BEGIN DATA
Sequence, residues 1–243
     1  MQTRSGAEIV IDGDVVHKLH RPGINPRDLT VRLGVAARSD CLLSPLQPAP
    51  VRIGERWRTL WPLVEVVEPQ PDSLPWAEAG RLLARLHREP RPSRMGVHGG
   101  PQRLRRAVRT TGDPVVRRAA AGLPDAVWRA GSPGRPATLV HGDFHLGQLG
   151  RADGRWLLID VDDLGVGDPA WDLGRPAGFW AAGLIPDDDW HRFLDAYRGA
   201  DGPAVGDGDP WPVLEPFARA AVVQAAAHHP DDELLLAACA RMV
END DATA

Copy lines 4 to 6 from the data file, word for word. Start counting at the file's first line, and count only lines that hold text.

   101  PQRLRRAVRT TGDPVVRRAA AGLPDAVWRA GSPGRPATLV HGDFHLGQLG
   151  RADGRWLLID VDDLGVGDPA WDLGRPAGFW AAGLIPDDDW HRFLDAYRGA
   201  DGPAVGDGDP WPVLEPFARA AVVQAAAHHP DDELLLAACA RMV